ST. GEORGE — One of Dixie State University’s most illustrious and beloved professors, Dr. Andrew H. Barnum, was honored with a bronze statue of himself Friday.
A crowd of more that 200 people gathered for the statue’s unveiling ceremony in front of DSU’s Science Building, which featured a short speech by Barnum himself.
“Please excuse me for reading this,” Barnum said at the beginning of his remarks. “At the age of 93, I forget words and even names, and that is sometimes embarrassing … when you reach this age, you’ll see what it’s all about.”
Barnum then went on to talk about some of the highlights of his illustrious career. He recalled being surprised by the idea of being honored with a statue when it was first suggested to him a couple years ago.
“I have no objection, but I still wonder why,” he said.
Annette Barnum, the youngest of Barnum’s four daughters, helped answer that question during her opening remarks, relating many highlights of her father’s life.
After serving in World War II, Barnum graduated as Dixie State College’s valedictorian in 1947. He went on to receive his bachelor’s and master’s degrees from Brigham Young University, followed by his Ph.D. from Iowa State University before returning to Dixie State to teach biology.
“It always came down to wanting to be here at Dixie,” Annette Barnum said of her parents’ decision to move back to Southern Utah after her father finished his doctorate studies.
Andrew Barnum then spent 36 years as a professor and administrator at Dixie State before retiring in 1995. Even after retirement, Barnum continued to work at the university, including as curator and director for the Museum of Natural Science, which he helped found.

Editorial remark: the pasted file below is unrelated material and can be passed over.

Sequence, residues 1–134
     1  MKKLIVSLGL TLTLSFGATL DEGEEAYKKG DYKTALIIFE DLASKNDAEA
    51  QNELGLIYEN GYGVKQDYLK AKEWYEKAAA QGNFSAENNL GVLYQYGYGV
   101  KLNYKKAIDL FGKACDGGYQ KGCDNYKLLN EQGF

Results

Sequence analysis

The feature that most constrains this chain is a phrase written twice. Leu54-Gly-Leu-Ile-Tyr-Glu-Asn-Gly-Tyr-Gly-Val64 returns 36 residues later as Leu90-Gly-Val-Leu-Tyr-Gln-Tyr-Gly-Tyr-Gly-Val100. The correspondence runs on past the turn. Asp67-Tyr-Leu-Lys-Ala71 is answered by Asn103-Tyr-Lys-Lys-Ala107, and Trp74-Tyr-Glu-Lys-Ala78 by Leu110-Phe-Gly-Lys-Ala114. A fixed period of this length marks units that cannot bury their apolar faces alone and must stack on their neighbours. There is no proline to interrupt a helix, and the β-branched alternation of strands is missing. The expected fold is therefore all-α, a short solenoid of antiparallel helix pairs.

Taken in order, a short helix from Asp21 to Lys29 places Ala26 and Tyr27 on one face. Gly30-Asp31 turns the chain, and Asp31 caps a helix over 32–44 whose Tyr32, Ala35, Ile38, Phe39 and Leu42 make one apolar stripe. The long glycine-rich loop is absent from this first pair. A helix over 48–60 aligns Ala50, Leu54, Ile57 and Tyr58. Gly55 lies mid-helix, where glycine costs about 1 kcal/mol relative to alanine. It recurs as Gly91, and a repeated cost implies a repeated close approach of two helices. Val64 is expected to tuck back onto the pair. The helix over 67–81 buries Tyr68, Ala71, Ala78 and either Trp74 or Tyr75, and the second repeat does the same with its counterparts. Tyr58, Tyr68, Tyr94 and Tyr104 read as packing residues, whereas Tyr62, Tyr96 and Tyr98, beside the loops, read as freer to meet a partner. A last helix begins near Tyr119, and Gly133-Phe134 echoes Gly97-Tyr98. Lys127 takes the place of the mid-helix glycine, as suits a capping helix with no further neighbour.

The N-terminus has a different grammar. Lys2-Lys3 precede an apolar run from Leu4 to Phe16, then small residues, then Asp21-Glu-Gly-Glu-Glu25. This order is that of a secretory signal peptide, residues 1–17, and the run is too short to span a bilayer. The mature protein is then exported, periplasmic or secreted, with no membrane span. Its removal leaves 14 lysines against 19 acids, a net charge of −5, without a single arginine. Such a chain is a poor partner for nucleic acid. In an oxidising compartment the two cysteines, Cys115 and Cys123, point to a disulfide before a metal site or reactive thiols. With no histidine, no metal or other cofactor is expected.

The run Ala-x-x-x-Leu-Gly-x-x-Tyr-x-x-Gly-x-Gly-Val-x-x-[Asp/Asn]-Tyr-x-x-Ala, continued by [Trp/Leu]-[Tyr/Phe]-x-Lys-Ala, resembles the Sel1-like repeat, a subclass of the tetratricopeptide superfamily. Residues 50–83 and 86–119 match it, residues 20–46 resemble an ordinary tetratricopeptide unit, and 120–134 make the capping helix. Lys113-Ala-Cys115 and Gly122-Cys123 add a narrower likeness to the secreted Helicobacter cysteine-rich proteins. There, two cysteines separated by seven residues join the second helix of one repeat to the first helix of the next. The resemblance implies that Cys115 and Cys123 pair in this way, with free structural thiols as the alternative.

Some of Barnum’s other accomplishments include serving as the school’s tennis coach and planting and taking care of the campus’s desert garden. He also was a mentor for countless medical and dental students, along with those in other biological science fields. Many of his former students and their families were on hand to witness Friday’s statue unveiling, as were many of Barnum’s descendants.
Noted pathology researcher and author Greg Prince, who also spoke during the ceremony, called his former professor and mentor “the embodiment of what Dixie stands for.”
“He was the toughest teacher I’ve ever had, and also the best,” Prince said, adding it was Barnum’s tireless work with students outside the lecture hall that made him so outstanding.
Richard “Biff” Williams, president of Dixie State University, and Eric Pedersen, dean of Science and Technology at DSU, also spoke briefly and praised Barnum for his many years of dedication to the university and its students.
“We’re just so pleased about this,” said Annette Barnum. “He has always been my hero, and I’m really glad now that there’s a statue of him so that future generations can come to know him and to come and see what he was about and who he was.”
The sculpture, which was completed, delivered and installed just days earlier, was created by local artist Annette Everett. Everett said she based it on an image of Barnum holding a snake, which she found in a copy of Dixie State’s 1964 yearbook. The statue also depicts a small alligator resting at the bespectacled, suit-wearing Barnum’s feet.
Everett said she created a 24-inch high model of the statue a couple years ago, then rushed to make a life-size version once the artwork received final approval and funding. She said she was especially pleased that Dr. Barnum was able to see and appreciate the unveiling in person.
“I wanted to finish this and have it done while he was still here,” Everett said.
Funding for the statue came from the contributions of several generous donors.
After pulling on the ribbon to remove the wrapping and reveal the statue, Barnum smiled and posed in front of it as he greeted numerous well-wishers after the ceremony.
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